|The Susquehanna River at Old Mill Park, French Azilum, PA|
Photo: Carol Manuel
Today the Rocket-Courier, a weekly newspaper published in Wyalusing, PA, printed an article announcing Moxie Energy's plan to propose a gas-fired power plant to be built in Bradford County, PA, in Asylum Township. This troubling news is fraught with problems. I hope the Asylum Township Planning Commission, which will review the proposal, if and when it is formally presented, will have the foresight to recognize the inadvisability of such a plan. The facility would need a large parcel of land. One spot that has been considered is a 30-acre tract owned by Larry Fulmer located on Route 187. However, Tom Hughes, Chair of the Asylum Township Planning Commission, made it clear to me that nothing is decided about location at the present time. In fact, Moxie has not made any formal overtures yet. This is all speculation right now. Any action will take time, perhaps years, before a power plant would become a reality there.
Yet red flags are everywhere. This whole plan ignores the elephant in the room. Power plants need natural gas, and therein lies most of the problems. Extracting natural gas from deep in the earth's surface is a very dirty process. Water, air, and soil contamination are very common. The industry will tell you that the gas industry has a very safe record. They can claim a 95% safety record. However, a 5% failure is very significant when we consider how many wells there are now and how many more are coming soon. For every one thousand wells, we are talking about fifty wells where an accident, spill, or blowout will occur. Who will volunteer to live next door to these 50 wells?
The article also presents reasons why this gas-fired power plant is a great idea. By citing these benefits, it admits that there are problems with the industry, for example, using good water from the Susquehanna River. This plant would not require river water. A casual reading of that statement might look good to the local people who are concerned about the millions of gallons of water being taken out of the hydrolic cycle, never to be suitable for anything ever again. Of course, another ploy is to dangle money out there to hook people into thinking they might have a better life. During the building phase, this project is expected to have a payroll of $40 million and indirect income of $80 million. It would be completed in 2015 and then provide a steady tax base and provide a whopping 25-30 high-paying jobs.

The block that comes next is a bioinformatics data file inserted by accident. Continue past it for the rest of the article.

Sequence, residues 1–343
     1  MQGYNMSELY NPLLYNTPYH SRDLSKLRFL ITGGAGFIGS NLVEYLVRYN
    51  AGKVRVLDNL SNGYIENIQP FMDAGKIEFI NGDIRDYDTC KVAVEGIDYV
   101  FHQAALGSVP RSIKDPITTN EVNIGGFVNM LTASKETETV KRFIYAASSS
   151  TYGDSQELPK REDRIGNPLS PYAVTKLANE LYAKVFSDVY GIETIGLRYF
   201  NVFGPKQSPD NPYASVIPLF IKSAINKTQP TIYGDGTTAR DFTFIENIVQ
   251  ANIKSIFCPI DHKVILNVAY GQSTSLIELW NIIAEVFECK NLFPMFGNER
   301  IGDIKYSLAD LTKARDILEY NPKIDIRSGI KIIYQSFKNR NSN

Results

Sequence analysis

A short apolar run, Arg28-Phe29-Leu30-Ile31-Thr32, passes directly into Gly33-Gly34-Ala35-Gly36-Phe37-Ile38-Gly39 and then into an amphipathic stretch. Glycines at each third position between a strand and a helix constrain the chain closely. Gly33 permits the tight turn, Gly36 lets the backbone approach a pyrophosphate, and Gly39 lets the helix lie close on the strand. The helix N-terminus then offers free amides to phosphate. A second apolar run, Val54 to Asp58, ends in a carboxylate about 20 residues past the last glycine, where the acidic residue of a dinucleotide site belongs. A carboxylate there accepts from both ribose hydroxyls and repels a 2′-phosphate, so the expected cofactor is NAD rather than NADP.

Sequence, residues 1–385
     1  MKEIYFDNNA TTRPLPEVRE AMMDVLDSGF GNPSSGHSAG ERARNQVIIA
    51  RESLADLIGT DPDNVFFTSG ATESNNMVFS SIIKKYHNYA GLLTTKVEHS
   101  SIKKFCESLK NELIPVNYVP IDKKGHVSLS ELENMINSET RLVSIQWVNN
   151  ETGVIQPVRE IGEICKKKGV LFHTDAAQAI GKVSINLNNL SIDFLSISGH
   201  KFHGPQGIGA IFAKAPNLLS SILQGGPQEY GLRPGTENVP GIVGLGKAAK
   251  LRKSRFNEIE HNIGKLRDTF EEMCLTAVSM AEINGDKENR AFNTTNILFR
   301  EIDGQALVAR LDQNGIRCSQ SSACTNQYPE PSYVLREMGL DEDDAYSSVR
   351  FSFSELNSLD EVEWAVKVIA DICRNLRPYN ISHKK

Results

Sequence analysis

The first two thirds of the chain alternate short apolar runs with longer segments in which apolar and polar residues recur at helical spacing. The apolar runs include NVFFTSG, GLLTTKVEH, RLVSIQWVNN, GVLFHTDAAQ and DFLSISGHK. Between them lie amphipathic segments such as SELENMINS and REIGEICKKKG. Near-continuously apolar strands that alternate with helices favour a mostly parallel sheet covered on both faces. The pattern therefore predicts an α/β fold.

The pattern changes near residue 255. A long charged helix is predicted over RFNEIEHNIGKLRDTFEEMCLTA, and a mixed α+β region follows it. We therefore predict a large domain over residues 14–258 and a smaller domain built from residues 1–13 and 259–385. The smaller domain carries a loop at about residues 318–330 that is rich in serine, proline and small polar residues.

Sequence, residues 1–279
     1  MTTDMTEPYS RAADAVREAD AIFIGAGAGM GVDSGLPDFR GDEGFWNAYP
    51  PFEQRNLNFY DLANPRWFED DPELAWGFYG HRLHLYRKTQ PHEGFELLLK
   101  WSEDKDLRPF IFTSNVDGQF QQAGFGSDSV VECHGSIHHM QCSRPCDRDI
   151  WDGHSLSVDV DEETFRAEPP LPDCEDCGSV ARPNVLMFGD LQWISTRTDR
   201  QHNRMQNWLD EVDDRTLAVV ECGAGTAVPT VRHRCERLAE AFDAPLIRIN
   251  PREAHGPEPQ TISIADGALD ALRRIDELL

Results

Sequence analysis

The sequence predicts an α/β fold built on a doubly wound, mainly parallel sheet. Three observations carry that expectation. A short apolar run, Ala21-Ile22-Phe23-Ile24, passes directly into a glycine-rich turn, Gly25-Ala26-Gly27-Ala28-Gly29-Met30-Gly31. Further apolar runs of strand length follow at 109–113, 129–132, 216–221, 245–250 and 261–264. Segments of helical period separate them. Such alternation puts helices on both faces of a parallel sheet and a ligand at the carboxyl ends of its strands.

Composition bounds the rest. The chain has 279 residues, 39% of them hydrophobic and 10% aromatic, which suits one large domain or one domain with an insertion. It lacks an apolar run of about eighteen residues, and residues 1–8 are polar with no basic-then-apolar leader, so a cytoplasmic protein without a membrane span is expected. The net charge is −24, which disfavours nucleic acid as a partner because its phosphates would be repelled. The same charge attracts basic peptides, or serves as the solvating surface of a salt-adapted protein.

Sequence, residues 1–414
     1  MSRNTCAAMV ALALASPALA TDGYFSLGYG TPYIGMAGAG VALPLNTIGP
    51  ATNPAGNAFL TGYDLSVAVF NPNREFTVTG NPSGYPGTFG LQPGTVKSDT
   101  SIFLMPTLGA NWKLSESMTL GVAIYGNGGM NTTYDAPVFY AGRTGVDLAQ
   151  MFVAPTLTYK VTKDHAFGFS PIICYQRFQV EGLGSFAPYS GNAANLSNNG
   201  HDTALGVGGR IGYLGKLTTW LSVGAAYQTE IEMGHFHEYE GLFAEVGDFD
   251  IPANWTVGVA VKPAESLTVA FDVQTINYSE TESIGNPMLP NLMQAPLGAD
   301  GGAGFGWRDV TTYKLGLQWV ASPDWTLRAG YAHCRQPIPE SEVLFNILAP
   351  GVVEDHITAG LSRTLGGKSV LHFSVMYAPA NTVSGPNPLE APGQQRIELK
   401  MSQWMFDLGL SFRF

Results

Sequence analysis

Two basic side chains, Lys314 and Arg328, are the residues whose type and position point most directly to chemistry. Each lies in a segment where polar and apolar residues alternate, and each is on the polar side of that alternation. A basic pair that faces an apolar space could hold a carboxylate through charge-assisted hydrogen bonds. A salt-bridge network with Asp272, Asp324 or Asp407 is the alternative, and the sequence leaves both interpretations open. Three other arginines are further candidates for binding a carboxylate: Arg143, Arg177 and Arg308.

Next the issue of noise and visual impacts are addressed, thereby admitting that these issues are problematic and that people do become concerned about them, especially because they live near these industrial areas. The promise is that efforts will be made to minimize these problems. Air pollution would be low compared to older plants, they claim.
This shift away from inefficient, dirty power is both a local benefit and a regional benefit in terms of air quality.The article does not remind readers that the air pollution caused by the extraction process all over the area will already have had major impacts on public health and the environment.
Next we have the problem of waste. All wastes will be managed on-site in accordance with state and federal regulations and will be shipped off-site for recycling or disposal. Well, on-site waste management is not always good. We know that sludge pits are sometimes just plowed under in the clean-up process, putting toxic chemicals into the ground, at least the stuff that didn't leak through tears and holes in the plastic liners. Admittedly, frack pits are not involved in these power plants, but the industry has a bad record in regard to waste disposal. How careful will it be this time? As for off-site disposal, will it go to New York?
Moxie Energy calls this natural gas energy "clean power." I don't think this lie is going to be so easily perpetrated on the public anymore. We are smartening up. When considering the entire cycle of getting this "magical" energy source from deep in the ground to our homes, we are not talking about a clean process at all.
Let us hope that the Asylum Township Planning Commission will not approve this proposal. Here is some basic information about Asylum Township government:
Today, Asylum Township is run by a board of Supervisors and has an active Planning Commission, which consists of 5 members. In 2003, the planning commission adopted a comprehensive plan. Although the Township currently has no zoning regulations, they do have a set of regulations for their own subdivisions and land development projects that was updated in the summer of 2008.
The Township boasts an historic landmark; the French Azilum Site is open to the public during the months of May through October and remains to be a popular tourist and educational site for locals and visitors alike. Aside from the Historic Site, there is a public Asylum Township park (Old Mill Park) that is open from dawn to dusk and has boat access to the Susquehanna River and picnic sites.
LINK to the article about the proposed gas-fired power plant as it appeared today in the Rocket-Courier.
Read about Professor Howarth's recent study concerning natural gas compared to coal, "Natural Gas From Fracking Could Be 'Dirtier' Than Coal"
Here is an article which appeared in the NYT April 11, 2011, entitled "Studies Say Natural Gas Has Its Own Environmental Problems."
Another article worth looking at: "Cornell Scientist Tarnishes Natural Gas's Clean Image"
Finally, read the letter submitted by Robert W. Howarth, Renee Santoro, and Anthony Ingraffea, entitled "Methane and the Greenhouse-Gas Footprint Of Natural Gas From Shale Formations"
|A gas-fired power plant|